Posted in 2014-2015 Club, Mock Newbery Picks

Nest, by Esther Ehrlich

NestSummary:  On Cape Cod in 1972, eleven-year-old Naomi, known as Chirp for her love of birds, gets help from neighbor Joey as she struggles to cope with her mother’s multiple sclerosis and its effect on her father and sister.

Wendy Lamb Books

 

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6 thoughts on “Nest, by Esther Ehrlich

  1. Nest was a really heartfelt story that dealt with some pretty heavy topics, but because of the main character and her innocent voice, the book never became overly depressing. The author starts off by showing a few chapters of how perfect Chirp’s family is and how much the youngest of the two sisters, Chirp, loves and depends on the mother. I became really connected to their beautiful and sweet family life and so when the mother is taken away, first to the hospital then to the asylum for depression, I feel the pain the main character and her family feels as if I experienced it too. The rest of the book focuses on how their family copes with missing an important part of their life, every member dealing with the loss in a different way. Rachel trying to become like the mother, Chirp making friends with the neighbor Joey, and the father trying to puzzle things out with his psychologist talk. Nest is the best book I’ve read dealing with the topic of the loss of a family member, because of the strength of every single Newbery criteria. The partly stereotypical them of love, life, and loss as well as the importance of friends and family was recreated in a unique and beautiful way by the writing style, characters, and setting. The best of these I have to say is the writing style. The way the author made the reader feel emotions through actions and symbols rather than words or dialogue created much greater depth in the writing and in the characters. I liked how Rachel and Chirp balanced each other out so that if you were looking for a positive perspective you could always trust Chirp to find something good or when Chirp could not, you could trust Rachel to play the organized and caring older sister. I have read two similar books to this one so far this year to compare it with, Nightingale’s Nest and the Secret Hum of the Daisy, both of which are far surpassed by this book in the most Newbery worthy. Each of these books struggled with balancing out the pain with the hope and I feel that Nest did the best job of it. The one flaw in this book though, was perhaps the ending. I didn’t feel as if everything had been perfectly resolved. This had to do with Joey though, who is a more minor character so I do not think it matters as much, but I think the ending would have been better if his problems had been resolved as well, rather than forgotten about. Overall, Nest was a well written book about both the pain caused by friends and family, and the hope created by the same friends and family as well. If you are looking for a book that can be humorous and heartbreaking, painful and sweet, and appropriate for any age fourth grade and up, then Nest is the perfect read.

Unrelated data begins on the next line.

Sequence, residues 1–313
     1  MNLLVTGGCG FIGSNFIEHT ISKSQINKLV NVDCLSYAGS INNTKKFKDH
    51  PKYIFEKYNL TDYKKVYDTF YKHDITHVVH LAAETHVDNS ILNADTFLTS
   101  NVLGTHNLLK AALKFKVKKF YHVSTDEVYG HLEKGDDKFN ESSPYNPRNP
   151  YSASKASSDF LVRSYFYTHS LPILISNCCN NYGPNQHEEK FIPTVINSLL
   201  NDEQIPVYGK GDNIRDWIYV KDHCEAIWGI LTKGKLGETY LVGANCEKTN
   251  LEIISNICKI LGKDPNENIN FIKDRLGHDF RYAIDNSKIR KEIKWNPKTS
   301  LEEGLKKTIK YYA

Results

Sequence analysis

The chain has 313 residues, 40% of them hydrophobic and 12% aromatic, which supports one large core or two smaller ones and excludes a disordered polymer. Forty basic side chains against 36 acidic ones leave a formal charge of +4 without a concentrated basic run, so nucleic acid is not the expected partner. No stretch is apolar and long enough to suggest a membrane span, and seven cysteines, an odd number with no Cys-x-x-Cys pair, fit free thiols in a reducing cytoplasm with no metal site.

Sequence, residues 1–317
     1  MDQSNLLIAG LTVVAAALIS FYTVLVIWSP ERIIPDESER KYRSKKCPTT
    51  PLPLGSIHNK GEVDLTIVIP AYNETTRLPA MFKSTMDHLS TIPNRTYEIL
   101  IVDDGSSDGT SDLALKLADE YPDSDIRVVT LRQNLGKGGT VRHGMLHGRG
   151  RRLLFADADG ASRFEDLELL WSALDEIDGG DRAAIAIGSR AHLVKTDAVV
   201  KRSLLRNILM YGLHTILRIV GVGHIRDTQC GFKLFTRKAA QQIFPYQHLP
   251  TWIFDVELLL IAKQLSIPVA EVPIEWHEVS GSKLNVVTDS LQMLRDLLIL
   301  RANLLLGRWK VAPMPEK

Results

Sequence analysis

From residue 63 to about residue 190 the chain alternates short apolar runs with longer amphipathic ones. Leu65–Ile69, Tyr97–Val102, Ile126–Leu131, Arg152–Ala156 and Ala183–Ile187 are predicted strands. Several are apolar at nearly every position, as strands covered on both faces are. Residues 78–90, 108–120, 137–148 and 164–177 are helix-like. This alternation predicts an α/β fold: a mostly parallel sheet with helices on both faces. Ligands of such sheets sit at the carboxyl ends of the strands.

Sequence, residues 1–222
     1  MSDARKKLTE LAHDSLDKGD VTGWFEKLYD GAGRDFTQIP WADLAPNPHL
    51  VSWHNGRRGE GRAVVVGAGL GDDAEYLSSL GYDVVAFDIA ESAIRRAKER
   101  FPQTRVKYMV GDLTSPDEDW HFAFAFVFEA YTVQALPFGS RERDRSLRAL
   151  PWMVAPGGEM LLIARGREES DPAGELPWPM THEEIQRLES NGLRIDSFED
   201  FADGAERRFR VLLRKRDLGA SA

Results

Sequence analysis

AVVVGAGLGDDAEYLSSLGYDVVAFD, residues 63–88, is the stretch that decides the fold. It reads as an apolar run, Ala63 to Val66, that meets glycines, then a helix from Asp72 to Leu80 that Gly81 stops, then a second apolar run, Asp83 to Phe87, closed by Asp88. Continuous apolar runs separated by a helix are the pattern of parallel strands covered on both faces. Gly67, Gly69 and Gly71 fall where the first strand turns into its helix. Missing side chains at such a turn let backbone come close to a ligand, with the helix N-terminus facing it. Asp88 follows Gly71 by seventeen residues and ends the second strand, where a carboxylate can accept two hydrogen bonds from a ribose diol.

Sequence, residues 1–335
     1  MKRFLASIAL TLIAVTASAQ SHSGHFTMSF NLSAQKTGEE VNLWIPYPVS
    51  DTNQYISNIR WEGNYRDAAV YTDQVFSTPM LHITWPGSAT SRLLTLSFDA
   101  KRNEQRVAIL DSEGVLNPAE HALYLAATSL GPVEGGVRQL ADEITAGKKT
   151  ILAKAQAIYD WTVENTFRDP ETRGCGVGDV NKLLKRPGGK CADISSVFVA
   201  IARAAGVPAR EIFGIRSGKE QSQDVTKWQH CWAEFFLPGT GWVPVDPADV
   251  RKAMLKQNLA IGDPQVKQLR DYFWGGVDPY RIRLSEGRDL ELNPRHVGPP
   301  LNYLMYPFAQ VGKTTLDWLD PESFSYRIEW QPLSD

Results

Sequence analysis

2. Nest was a really amazing book, seeming much better than the other books i have read, even if it became rather dark in parts. The storyline was wonderful, making you want to keep reading like I did, the characters were perfectly developed, so you always understood what they went through and could relate to them, especially Chirp; and the setting was really well described throughout most of the book, but there were some clips where I would say, “….The author could have made this more detailed….”. And there were plenty of other parts where I was just like, “Wow!!”.

    This book has been the best of all the books I have read so far, such as Bird and Secret Hum of the Daisy. I originally thought Bird was my top pick, but it’s nothing compared to Nest.

    This book is definitely my top pick, and a Newbery.

  3. For a couple weeks now I’ve been wrestling with this book. I had originally picked Bird for my Mock Newbery winner, but then I read Nest. At first glance, it seems to be a typical story about a nature-loving girl living in a beautiful place with the perfect family: her psychologist father, her dancer mother, and her caring older sister, Rachel. The main character, Chirp, feels as if everything will always go perfectly. But then her mother develops multiple sclerosis, which means she can’t dance anymore, and she becomes extremely depressed. Eventually, Chirp’s mother is put into an asylum because of her depression. Chirp and Rachel deal with this in completely different ways: Rachel becomes extremely moody and at the same time is trying to become the mother of the family, which Chirp doesn’t appreciate because she firmly believes that her mother will come home in a couple weeks and be perfectly fine. Of course, it isn’t as simple as that, as Chirp finds out.